Fortis N.V./S.A. was a Belgian financial company active in insurance, banking and investment management. In 2007 it was the 20th largest financial services business in the world by revenue but after encountering severe problems in the financial crisis of 2008, most of the company was sold in parts, with only insurance activities remaining.
The Benelux countries were Fortis' home base and its strength. Fortis' banking operations included network (retail), commercial, and merchant banking; its insurance products included life, health, and property/casualty lines. Products were sold through independent agents, brokers and financial planners, and through branches of Fortis Bank. It was listed on the Euronext Brussels, Euronext Amsterdam, and Luxembourgstock exchanges.
Fortis retained the rest of its insurance operations (remaining the largest provider in Belgium), and changed its name to Ageas in April 2010, with ownership of the Fortis brand having passed to BNP Paribas.
Fortis came into being in 1990, as the result of a merger of AMEV, a large Dutch insurer, and VSB, a Dutch banking group; these were joined later that same year by AG Insurance, a Belgian insurer.
In addition to acquiring a retail bank in Poland, Fortis acquired 89.3% of the shares of Turkey's fifth largest privately owned bank Dışbank from Doğan Group on 11 April 2005. Considering the outstanding public shares, the total bid was approximately €985 million. From 28 November 2005 on, the network of 173 branches of Dışbank were rebranded Fortis. Fortis acquired Dryden Wealth Management from Prudential Financial on 4 October 2005.
As of 2006, the company's profits were €4.56 billion, according to Forbes magazine with a market value of €45.74 billion.
Algemene Spaar- en Lijfrentekas / Caisse Générale d'Epargne et de Retraite (ASLK/CGER) [nl] acquired in 1999 by Fortis
Générale de Banque / General Bank [nl] (Generale Bank/Générale de Banque) was acquired in 1999 by Fortis
Krediet aan de Nijverheid / Crédit à l'Industrie, (now called Fintro)
In early 2005, Fortis put Banque Belgolaise, its sub-saharan Africa subsidiary, up for sale. Failing to find a suitable buyer, Fortis ceased all operations after October 23, 2006.
In October 2006, Fortis signed a joint venture with An Post (Irish postal service) to provide financial related services through the An Post network of offices.
In October 2006, Fortis acquired 100% of Polish retail bank, Dominet, which was full service retail bank with 806 employees and over 125 branches and franchises and was also in strong position in the car finance segment such as car loans.
On October 8, 2007, a consortium of three European banks, Royal Bank of Scotland Group, Fortis and Banco Santander, announced the acquisition of ABN AMRO. After the split, Fortis would get the retail and business activities in the Benelux and the international investment company; integration of the retail activities into Fortis Bank to be subject to permission of De Nederlandsche Bank (DNB); the business activities to be re-sold because of EU-regulations on market share.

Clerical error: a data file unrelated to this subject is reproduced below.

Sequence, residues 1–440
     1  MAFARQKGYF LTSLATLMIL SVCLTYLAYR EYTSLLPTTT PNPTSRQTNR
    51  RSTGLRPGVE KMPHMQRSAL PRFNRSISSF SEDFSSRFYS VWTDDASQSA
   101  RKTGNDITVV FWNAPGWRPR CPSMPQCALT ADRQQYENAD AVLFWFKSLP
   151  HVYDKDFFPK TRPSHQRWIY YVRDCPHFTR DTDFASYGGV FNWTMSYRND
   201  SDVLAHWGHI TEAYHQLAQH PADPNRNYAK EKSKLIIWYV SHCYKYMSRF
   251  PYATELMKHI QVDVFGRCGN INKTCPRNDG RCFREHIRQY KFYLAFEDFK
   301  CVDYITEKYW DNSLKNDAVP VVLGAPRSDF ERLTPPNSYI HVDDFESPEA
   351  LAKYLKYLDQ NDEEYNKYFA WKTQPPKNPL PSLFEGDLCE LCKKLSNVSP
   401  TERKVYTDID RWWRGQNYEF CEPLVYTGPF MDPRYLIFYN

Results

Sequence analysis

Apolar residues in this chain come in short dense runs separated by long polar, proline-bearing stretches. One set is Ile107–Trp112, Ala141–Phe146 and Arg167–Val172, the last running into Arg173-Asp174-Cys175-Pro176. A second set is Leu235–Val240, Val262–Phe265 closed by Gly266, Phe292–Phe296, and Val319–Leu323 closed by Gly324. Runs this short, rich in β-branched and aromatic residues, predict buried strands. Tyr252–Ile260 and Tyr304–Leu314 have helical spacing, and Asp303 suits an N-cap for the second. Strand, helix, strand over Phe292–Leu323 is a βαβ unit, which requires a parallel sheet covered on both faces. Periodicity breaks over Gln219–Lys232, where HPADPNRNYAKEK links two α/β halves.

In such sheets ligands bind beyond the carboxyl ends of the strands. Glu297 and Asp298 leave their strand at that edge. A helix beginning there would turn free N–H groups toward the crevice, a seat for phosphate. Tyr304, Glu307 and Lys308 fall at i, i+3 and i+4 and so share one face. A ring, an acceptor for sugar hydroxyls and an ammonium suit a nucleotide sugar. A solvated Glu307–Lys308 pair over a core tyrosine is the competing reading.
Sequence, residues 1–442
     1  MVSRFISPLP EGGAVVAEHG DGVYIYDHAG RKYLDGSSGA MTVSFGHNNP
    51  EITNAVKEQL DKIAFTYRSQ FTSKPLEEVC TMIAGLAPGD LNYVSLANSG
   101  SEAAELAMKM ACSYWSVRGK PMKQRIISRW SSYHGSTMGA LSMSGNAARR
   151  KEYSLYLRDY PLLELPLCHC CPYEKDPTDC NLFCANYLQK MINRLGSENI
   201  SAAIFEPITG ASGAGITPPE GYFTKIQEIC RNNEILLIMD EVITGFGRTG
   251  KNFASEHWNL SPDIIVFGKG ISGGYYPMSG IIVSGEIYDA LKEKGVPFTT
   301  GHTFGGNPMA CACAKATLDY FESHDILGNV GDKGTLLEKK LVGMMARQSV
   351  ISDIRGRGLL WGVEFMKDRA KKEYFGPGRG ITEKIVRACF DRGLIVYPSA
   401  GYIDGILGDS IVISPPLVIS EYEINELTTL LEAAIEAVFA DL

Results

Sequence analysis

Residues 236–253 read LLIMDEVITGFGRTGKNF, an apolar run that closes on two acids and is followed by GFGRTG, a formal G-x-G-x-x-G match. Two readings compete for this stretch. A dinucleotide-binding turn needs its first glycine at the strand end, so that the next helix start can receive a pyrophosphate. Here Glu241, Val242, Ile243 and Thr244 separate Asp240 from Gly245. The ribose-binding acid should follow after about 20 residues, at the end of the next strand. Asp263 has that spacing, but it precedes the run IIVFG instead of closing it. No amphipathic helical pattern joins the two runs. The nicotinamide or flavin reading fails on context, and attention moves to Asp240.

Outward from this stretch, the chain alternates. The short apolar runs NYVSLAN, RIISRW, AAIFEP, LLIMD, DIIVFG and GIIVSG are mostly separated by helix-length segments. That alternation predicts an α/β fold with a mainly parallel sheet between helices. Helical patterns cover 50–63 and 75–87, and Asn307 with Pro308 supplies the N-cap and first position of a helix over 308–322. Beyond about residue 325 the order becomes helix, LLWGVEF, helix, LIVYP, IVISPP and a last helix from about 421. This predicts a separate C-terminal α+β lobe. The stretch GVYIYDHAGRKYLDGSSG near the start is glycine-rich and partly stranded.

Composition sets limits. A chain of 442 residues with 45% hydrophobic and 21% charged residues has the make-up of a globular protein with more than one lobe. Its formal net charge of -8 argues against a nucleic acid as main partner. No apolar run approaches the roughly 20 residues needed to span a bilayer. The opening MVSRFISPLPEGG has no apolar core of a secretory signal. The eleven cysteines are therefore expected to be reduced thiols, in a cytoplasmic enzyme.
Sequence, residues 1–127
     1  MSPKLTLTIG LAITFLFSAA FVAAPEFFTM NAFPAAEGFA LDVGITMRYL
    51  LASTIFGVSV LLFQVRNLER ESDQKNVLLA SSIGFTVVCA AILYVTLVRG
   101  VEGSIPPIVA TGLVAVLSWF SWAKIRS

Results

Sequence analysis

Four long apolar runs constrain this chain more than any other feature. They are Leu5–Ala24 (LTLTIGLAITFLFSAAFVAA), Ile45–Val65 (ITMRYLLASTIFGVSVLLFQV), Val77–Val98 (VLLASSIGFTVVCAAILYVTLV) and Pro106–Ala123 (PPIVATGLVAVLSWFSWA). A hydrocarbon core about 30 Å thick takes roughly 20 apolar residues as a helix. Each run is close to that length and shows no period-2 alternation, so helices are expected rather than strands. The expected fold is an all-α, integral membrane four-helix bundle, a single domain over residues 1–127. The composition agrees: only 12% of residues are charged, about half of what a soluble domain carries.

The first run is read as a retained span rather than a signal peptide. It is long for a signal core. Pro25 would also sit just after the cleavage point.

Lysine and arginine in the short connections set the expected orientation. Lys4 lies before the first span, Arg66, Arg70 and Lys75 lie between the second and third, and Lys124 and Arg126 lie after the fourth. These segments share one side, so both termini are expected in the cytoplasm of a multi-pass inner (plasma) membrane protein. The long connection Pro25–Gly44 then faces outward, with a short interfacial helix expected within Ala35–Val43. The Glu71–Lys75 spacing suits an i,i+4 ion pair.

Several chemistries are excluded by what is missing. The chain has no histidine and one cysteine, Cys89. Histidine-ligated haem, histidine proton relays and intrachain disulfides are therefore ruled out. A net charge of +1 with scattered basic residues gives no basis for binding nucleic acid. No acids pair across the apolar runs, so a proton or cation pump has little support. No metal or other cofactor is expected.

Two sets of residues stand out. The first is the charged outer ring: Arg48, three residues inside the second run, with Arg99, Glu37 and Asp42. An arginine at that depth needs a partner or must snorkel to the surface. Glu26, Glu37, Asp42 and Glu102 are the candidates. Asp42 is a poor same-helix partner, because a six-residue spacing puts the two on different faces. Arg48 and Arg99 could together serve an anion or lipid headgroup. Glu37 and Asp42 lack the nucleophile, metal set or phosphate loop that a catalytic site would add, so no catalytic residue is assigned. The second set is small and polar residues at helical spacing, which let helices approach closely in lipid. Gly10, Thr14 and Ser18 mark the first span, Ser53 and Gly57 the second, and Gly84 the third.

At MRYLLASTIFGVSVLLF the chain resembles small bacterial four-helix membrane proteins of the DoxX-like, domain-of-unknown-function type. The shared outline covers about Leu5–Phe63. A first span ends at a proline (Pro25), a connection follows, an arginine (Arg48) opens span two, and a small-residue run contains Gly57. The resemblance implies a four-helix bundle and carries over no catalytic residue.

2008 financial crisisEdit
On October 3, 2008, an announcement was made that the Dutch government had agreed with the Belgian government to buy Fortis Bank Nederland, Fortis Verzekeringen Nederland, and Fortis Corporate Insurance. On October 5, 2008, the Belgian government announced it had bought Fortis Bank Belgium, and re-sold 75% of it to BNP Paribas, which also bought Fortis Insurance Belgium. The Government of Luxembourg holds a third part of Fortis Banque Luxembourg. The actual Fortis Group itself remained as a virtual empty shell, holding only Fortis Insurance International, which holds insurances in Europe and Asia.
On December 12, 2008, a court decision (see below) made the sales of October 3, 5, and 6 contingent on shareholder approval (at the latest on February 12, 2009). Until that time, the Dutch government held the parts it bought, Fortis Bank was the property of the Belgium government, while Fortis Insurance Belgium remained with Fortis Group (together with Fortis Insurance International). On February 11, 2009, the shareholders declined to approve the sales, making the sales illegitimate; actual ownership of the various parts became a matter of further negotiations and/or litigation. A re-negotiation led to new deal, subject to shareholder approval (meetings on April 8–9, 2009).
ABN AMRO takeover and the resulting drop in share valueEdit
Fortis was part of the consortium with Royal Bank of Scotland Group (RBS) and Banco Santander, that announced on October 8, 2007, that an offer for 86% of outstanding ABN AMRO stock had been accepted, making way for the largest ever bank takeover in history. On November 1, 2007, an extraordinary shareholder meeting was held to change ABN AMRO's management. Mark Fisher from RBS took over as CEO. At that meeting the consortium stated that 97% of all shares were in their hands.